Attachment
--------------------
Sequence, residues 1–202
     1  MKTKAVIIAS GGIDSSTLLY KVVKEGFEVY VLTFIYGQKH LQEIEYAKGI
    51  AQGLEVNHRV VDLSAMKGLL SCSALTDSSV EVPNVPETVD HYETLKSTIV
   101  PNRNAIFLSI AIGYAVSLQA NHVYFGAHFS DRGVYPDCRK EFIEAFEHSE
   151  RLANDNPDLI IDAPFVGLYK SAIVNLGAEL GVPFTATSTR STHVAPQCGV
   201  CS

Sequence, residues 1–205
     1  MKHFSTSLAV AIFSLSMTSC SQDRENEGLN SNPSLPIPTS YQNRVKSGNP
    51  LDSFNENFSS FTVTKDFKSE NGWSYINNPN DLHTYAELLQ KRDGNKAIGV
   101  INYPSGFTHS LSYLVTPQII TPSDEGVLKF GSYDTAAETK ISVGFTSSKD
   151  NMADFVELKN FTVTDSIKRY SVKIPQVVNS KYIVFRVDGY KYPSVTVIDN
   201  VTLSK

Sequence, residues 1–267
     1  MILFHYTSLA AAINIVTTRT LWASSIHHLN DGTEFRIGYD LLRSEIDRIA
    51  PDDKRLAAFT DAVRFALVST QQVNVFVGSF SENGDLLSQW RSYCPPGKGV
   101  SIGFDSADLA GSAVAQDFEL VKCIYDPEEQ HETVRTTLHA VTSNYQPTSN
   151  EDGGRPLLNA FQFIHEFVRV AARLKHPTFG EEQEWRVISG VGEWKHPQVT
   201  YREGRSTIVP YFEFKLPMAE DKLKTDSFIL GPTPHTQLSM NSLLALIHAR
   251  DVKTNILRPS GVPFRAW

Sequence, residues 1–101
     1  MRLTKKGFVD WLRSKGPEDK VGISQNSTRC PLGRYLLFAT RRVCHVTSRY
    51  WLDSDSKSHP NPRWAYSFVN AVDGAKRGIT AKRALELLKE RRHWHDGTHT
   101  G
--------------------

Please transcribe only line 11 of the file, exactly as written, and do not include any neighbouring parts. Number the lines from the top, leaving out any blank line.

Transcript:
   151  NMADFVELKN FTVTDSIKRY SVKIPQVVNS KYIVFRVDGY KYPSVTVIDN